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EVERYTHING, EVERYWHERE ALL AT ONCE. IS OUR OBSESSION WITH MEASURING EVERYTHING GETTING THE BETTER OF US?

9 minute read

As marketers, we’re caught in the grips of a profound measurement dilemma. A technical recession and sluggish economic growth have chipped away at budgets, and with marketing still invariably regarded as a cost rather than an investment, it is an area of organisational expenditure under the most pressure. And this pressure is resulting in everything needing to be measured to the Nth degree - all of the time; and across all activity.

But are we just measuring everything because we now can? Is all measurement driving better business outcomes? And is our addiction to measurement diverting our attention away from creativity, innovation, and ultimately building our brand? Let's unpack this.

Are we just measuring everything because we now can?

I would argue yes, because of business pressures (as mentioned above). Now, I’m a huge supporter of measurement and we need to ensure we are delivering value to the business, and proper measurement is fundamental to this. But our teams are “head down” solely focusing on hitting targets for the next week, month, quarter. The money being spent is skewed to channels that show immediate results, strong CPAs, and tangible ROI. We have become hooked on measuring short-term returns regardless of long-term strategic goals. This is clearly evident when you look at global spending figures. The latest WARC media data report forecasts Meta to earn more from advertising than the entire global linear TV market.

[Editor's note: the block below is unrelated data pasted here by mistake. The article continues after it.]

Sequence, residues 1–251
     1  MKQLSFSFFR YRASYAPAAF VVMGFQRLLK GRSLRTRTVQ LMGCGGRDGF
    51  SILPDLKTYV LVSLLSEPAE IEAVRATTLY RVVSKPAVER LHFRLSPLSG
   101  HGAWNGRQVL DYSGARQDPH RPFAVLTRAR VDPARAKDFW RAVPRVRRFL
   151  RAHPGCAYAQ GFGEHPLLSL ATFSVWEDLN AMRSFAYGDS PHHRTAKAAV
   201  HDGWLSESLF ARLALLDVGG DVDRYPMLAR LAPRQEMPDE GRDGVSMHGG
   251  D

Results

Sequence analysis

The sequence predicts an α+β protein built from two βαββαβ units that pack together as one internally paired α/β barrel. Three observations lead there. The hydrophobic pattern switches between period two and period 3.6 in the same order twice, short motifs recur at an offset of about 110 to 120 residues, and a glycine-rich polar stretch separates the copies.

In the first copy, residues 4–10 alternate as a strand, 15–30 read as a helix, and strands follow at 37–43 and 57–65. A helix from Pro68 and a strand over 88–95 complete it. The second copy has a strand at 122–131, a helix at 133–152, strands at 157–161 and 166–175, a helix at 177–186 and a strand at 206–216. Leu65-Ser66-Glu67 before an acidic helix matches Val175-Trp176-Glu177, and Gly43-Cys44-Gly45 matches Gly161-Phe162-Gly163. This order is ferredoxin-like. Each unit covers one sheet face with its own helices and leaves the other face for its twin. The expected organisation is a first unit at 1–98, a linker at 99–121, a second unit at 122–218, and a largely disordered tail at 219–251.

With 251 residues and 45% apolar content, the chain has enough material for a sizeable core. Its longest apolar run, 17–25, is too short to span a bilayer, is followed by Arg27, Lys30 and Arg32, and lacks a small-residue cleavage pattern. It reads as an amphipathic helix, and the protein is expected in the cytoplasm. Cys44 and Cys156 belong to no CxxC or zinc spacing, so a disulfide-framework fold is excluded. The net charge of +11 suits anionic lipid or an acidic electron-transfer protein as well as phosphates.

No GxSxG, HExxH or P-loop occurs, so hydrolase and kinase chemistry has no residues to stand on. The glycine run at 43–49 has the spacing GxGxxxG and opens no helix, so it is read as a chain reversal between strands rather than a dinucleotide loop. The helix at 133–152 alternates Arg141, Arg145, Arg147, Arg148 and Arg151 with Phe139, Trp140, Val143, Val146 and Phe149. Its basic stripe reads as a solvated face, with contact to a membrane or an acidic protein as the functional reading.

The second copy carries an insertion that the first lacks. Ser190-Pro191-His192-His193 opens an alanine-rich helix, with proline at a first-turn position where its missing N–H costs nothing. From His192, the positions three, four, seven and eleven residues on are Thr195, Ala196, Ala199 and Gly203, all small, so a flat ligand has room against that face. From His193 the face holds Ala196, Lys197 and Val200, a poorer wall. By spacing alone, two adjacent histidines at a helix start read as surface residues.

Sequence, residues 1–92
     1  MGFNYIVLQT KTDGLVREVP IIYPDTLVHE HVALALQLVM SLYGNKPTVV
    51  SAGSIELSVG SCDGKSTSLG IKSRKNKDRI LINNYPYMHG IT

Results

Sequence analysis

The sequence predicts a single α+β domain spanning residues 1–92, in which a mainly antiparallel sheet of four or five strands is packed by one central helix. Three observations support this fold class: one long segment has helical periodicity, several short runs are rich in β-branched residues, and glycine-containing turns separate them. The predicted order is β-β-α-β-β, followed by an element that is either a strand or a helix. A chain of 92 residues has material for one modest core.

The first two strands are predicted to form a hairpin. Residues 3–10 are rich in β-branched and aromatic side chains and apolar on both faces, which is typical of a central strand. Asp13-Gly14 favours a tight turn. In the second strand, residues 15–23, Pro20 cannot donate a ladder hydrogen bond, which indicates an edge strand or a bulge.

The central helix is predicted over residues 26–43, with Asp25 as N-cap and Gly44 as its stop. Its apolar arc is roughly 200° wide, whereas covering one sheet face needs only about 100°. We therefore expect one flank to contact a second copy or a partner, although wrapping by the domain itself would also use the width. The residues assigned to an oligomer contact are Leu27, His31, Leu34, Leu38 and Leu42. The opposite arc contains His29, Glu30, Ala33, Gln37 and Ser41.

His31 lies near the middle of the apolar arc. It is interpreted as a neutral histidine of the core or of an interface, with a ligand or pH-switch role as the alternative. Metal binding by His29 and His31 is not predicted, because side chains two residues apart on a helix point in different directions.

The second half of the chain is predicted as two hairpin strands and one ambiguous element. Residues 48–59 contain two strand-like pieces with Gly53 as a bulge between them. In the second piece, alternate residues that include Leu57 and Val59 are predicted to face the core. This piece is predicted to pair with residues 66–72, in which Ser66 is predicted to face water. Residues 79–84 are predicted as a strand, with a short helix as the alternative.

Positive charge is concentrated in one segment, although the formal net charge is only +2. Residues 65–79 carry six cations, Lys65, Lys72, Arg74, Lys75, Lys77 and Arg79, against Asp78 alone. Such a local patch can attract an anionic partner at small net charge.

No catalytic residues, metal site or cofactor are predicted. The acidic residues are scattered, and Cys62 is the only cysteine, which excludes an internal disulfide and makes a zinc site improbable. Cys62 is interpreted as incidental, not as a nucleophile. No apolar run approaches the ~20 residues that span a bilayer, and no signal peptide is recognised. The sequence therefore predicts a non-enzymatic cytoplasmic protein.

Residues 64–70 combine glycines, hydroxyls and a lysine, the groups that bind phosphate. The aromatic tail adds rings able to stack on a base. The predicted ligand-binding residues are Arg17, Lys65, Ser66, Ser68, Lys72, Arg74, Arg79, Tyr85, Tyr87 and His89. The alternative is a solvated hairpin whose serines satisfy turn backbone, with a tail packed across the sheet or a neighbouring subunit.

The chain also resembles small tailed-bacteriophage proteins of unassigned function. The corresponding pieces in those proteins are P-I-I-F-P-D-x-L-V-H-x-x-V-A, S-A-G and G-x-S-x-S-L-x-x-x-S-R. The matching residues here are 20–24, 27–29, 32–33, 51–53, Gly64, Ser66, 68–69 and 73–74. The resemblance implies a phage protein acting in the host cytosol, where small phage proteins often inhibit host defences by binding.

Is all measurement driving better business outcomes?

I would argue not. Non-transparent platform measurement is still a big issue, across the board. The impending lawsuit against Meta for inflated potential reach figures (of up to 33%) is just one example that is still being pursued in court.

On top of transparency concerns, the new DMA Value of Measurement report (out in June) reveals that there are 189 different effectiveness metrics being used across the board in 4 main categories: Business Effects, Brand Effects, Response Effects, and Campaign Delivery Effects. And within these four categories, we have a preoccupation (69%) with both response effects (ROAS, conversions, leads, acquisitions, bookings, footfall) and campaign delivery effects (reach, frequency, impressions, likes, clicks, shares, views, etc) which do not solely move the dial on overall business effects (LTV, ROI, profits, sales, market share, penetration, loyalty, price sensitivity).

Is our addiction to measurement diverting our attention away from creativity, innovation, and ultimately building our brands?

Yes, because the focus on measurement tends to look at short term impact. Therefore, measuring just response and campaign delivery effects alone is more likely to get the lion share of marketing spend. As a direct consequence there is not enough money to adequately invest and stretch into long term brand health. According to BrandZ’s latest UK ranking the brand value of UK’s companies fell 14% last year. It goes on to show that “the businesses with the strongest brands do better.”

Addressing the imbalance between brand and performance is vital to brand health. It's not an either or. Brands that don’t will lose out on all fronts: distinction, differentiation, innovation, and their brand narrative. In Peter Field’s ‘The Cost of Dull’ research he goes as far as to prove the fact that “dull ads are 6.1 times more ineffective at growing market share than interesting ones - those that spike emotions and deliver fame. To match the effectiveness of more interesting ads the industry has to pay an average of £9.2M extra in paid media each year.”